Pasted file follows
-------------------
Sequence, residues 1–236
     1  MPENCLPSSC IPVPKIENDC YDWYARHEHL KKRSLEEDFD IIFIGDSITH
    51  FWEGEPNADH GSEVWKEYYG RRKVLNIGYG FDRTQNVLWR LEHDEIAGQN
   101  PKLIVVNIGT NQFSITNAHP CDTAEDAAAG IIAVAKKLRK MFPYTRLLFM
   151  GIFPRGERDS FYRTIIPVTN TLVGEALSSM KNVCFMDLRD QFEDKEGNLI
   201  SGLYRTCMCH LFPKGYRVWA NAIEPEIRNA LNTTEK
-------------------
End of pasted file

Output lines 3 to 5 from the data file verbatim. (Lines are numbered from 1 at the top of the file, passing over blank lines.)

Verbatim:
    51  FWEGEPNADH GSEVWKEYYG RRKVLNIGYG FDRTQNVLWR LEHDEIAGQN
   101  PKLIVVNIGT NQFSITNAHP CDTAEDAAAG IIAVAKKLRK MFPYTRLLFM
   151  GIFPRGERDS FYRTIIPVTN TLVGEALSSM KNVCFMDLRD QFEDKEGNLI